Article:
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Let $A,B$ be commutative rings with identity. Let $f:A \rightarrow B$ be a ring homomorphism and let $M$ be an $A$-module. Since $B$ can be viewed as an $A$-module with the operation $A \times B \rightarrow B$ given by $(\alpha,b) \mapsto f(\alpha)b$, we can define the $A$-module $M_B = B \otimes_{A} M$. How can i show that $M_B$ is also a $B$-module with action such that $(b',b \otimes_{A} x) \mapsto (b'b \otimes_A x)$?

Added: In order to show that $M_B$ is a $B$-module, we need to construct a ring homomorphism $B \rightarrow End(M_B)$. How can we do that?

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there are several axioms defining a $B$-module (underlying abelian group, distributivity, actions of 0 and 1, etc.). Is checking one of these giving you difficulty, or are you asking if you really have to check them (I think you do)? If it's checking one of them, which one? –  user29743 Apr 23 '12 at 20:49
    
What i don't understand is why the map $(b',b \otimes x) \mapsto (b'b \otimes x)$ is well-defined and moreover why this induces an endomorphism. –  Manos Apr 23 '12 at 20:59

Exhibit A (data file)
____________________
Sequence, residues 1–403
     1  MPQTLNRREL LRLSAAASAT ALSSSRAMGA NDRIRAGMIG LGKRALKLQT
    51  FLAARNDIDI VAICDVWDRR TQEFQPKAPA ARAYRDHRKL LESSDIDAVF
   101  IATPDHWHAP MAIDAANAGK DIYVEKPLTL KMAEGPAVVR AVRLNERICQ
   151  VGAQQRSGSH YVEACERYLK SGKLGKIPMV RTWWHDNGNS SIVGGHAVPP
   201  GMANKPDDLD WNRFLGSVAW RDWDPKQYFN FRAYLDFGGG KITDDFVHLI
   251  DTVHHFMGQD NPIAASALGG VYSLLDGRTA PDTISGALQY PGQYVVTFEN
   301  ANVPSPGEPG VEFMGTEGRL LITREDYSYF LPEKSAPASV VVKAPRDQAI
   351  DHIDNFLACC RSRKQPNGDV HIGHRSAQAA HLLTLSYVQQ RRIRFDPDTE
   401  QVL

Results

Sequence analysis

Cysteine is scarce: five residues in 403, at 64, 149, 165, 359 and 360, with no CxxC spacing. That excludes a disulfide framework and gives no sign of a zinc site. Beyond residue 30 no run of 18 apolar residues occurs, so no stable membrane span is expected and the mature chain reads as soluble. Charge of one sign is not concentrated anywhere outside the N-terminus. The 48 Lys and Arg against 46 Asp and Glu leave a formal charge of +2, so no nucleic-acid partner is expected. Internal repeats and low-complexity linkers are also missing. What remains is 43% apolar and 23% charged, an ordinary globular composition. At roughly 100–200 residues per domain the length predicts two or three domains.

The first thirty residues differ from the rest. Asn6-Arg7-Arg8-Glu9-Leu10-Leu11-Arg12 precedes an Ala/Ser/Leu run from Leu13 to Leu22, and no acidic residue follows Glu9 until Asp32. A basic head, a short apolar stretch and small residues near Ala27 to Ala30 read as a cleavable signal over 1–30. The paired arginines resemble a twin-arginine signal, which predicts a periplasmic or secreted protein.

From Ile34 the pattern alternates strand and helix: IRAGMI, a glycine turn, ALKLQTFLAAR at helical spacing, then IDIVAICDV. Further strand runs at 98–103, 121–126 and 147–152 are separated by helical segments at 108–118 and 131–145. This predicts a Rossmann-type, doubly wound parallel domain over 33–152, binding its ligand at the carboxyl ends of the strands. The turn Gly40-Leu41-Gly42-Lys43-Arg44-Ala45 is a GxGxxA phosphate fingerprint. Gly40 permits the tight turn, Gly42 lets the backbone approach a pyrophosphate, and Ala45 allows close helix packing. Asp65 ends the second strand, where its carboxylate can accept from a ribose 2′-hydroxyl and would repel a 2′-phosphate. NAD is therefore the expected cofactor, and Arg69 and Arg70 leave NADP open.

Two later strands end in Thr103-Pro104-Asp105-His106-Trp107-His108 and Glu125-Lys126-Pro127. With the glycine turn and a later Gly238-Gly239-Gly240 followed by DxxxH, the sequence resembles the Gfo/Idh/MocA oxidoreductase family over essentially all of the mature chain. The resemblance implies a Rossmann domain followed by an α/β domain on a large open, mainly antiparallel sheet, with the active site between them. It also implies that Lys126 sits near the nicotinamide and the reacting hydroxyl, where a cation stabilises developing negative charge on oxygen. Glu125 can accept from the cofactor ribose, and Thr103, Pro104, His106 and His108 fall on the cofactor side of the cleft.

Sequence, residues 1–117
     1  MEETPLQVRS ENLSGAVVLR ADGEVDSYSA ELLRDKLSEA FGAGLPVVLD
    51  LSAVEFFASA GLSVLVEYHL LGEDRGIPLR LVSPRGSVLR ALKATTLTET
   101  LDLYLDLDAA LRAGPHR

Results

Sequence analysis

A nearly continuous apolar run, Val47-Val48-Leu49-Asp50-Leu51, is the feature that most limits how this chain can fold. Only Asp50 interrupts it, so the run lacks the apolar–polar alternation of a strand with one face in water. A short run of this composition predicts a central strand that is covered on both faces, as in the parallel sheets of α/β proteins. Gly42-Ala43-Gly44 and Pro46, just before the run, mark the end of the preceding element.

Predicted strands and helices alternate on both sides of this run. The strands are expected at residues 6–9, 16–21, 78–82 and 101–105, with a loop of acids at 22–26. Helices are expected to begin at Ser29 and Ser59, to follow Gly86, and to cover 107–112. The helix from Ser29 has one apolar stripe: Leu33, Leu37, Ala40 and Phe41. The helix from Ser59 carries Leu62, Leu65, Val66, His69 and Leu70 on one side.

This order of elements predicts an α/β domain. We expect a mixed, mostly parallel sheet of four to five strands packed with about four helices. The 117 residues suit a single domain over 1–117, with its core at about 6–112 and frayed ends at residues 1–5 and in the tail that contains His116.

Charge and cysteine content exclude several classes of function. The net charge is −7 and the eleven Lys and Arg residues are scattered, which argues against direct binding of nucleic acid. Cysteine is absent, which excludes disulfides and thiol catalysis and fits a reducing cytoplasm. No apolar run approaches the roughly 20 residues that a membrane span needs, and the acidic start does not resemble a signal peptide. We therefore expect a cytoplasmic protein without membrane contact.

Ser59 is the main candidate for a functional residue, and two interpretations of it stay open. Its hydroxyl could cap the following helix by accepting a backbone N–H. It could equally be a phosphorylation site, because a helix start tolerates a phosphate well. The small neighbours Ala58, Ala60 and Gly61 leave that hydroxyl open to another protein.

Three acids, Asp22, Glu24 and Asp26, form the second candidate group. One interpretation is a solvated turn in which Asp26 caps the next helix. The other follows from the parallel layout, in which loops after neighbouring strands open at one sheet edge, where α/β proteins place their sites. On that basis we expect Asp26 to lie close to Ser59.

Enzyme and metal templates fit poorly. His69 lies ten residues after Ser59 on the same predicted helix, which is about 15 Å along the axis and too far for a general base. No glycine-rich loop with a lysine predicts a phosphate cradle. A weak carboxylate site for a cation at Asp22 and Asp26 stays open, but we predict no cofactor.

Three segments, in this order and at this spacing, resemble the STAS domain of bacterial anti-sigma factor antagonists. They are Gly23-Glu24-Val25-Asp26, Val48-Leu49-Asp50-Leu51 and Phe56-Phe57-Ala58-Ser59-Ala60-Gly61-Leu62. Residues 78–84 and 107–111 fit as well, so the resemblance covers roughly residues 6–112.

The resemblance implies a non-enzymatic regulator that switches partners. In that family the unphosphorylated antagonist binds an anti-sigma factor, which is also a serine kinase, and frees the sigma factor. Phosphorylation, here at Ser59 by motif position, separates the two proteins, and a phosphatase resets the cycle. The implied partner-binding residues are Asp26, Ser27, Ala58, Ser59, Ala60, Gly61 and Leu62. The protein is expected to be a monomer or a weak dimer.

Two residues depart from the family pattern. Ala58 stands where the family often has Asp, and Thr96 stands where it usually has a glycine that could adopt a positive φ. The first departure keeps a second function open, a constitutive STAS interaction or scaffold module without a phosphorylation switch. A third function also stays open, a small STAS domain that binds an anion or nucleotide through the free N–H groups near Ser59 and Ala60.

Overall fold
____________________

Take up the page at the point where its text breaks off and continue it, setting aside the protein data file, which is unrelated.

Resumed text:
1 Answer 1

up vote 6 down vote accepted

For each $b \in B$, consider the map

$$[b]:B \times M \to B\otimes_A M$$

$$(b',m) \mapsto bb'\otimes m.$$

It is immediate that $[b]$ is bilinear and $A$-balanced, and thus factors through a homomorphism (which we also call $[b]$):

$$[b]: B\otimes_A M \to B\otimes_A M$$

given on simple tensors by $[b](b'\otimes m) =bb'\otimes m$.

It is immediate from this that $[b_1]\circ [b_2] = [b_1b_2]$, and that the collection of all these homomorphisms makes $B\otimes_A M$ into a $B$-module.

Note: to remember what module structures has a given tensor product, a good trick is this: if $A,B,C$ are any three rings (possibly non-commutative), and if $M$ is an $(A,B)$-bimodule (hence $M$ is a left $A$-module and a right $B$-module, and the two module structures are compatible), and $N$ is a $(B,C)$-bimodule, then $M\otimes_B N$ is an $(A,C)$-bimodule (just like the product of an $n\times m$ matrix with a $m \times p$ matrix has dimensions $n\times p$).

Also: (1) if $R$ is commutative, then every $R$-module is naturally an $(R,R)$-bimodule; (2) in general, a left $R$-module is the same thing as a $(R,\mathbf{Z})$-bimodule; (3) if $M$ is a right $R$-module and $N$ is a left $R$-module, $M\otimes_R N$ only has the natural structure of an abelian group (which is a $(\mathbf{Z},\mathbf{Z})$-bimodule).

In your problem $B$ is a $(B,A)$-bimodule, and $M$ an $(A,A)$-bimodule; hence $B\otimes_AM$ is a $(B,A)$-bimodule.

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Of course, this an interesting particular case of the very intriguing Eilenberg-Watt's theorem. –  Alex Youcis Apr 24 '12 at 1:17

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